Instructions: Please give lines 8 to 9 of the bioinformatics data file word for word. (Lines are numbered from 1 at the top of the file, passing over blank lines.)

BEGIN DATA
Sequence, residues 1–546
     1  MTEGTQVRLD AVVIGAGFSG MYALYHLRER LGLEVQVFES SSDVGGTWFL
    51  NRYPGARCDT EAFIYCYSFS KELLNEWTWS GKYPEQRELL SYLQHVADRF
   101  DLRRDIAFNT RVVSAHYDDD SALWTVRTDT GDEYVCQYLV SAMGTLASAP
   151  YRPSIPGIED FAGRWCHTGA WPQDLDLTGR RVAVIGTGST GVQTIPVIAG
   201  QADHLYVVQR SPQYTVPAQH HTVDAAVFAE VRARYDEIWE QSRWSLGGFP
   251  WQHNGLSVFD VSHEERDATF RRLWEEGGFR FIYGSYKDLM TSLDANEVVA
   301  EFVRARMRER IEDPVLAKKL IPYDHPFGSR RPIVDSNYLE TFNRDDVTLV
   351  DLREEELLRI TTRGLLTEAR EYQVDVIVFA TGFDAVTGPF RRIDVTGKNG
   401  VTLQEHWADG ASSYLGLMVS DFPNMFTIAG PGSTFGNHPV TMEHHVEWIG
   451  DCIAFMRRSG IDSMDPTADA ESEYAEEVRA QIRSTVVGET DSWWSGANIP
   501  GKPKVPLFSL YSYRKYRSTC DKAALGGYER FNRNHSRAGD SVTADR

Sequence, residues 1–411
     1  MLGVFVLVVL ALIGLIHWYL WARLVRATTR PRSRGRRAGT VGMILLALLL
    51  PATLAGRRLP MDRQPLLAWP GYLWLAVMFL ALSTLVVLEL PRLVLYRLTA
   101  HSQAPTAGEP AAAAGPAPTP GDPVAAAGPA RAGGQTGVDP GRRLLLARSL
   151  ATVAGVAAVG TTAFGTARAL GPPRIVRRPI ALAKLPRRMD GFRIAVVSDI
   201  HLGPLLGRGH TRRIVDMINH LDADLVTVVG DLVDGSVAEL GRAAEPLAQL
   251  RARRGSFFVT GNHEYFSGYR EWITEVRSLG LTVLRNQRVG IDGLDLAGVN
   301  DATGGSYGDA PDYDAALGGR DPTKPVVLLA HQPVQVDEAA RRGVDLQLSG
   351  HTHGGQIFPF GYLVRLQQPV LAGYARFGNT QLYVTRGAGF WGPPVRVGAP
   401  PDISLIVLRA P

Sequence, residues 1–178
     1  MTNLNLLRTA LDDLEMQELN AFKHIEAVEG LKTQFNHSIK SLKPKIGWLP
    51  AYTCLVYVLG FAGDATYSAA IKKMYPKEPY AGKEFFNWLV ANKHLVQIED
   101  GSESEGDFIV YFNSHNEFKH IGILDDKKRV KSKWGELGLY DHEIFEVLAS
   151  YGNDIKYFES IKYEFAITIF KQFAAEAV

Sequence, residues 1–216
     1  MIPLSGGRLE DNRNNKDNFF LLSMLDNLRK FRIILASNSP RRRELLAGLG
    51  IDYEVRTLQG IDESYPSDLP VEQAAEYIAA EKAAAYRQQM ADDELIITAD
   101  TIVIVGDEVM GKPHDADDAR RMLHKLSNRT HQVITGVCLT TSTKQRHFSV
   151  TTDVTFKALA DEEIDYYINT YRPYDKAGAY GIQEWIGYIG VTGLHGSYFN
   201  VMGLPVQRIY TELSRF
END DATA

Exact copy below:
   301  EFVRARMRER IEDPVLAKKL IPYDHPFGSR RPIVDSNYLE TFNRDDVTLV
   351  DLREEELLRI TTRGLLTEAR EYQVDVIVFA TGFDAVTGPF RRIDVTGKNG